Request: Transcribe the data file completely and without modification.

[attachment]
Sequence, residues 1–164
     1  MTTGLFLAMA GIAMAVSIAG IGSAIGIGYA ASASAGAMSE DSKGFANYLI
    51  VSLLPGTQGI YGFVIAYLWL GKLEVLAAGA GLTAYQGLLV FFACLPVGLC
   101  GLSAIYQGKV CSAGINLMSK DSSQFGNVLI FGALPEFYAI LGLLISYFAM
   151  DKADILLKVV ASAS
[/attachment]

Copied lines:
Sequence, residues 1–164
     1  MTTGLFLAMA GIAMAVSIAG IGSAIGIGYA ASASAGAMSE DSKGFANYLI
    51  VSLLPGTQGI YGFVIAYLWL GKLEVLAAGA GLTAYQGLLV FFACLPVGLC
   101  GLSAIYQGKV CSAGINLMSK DSSQFGNVLI FGALPEFYAI LGLLISYFAM
   151  DKADILLKVV ASAS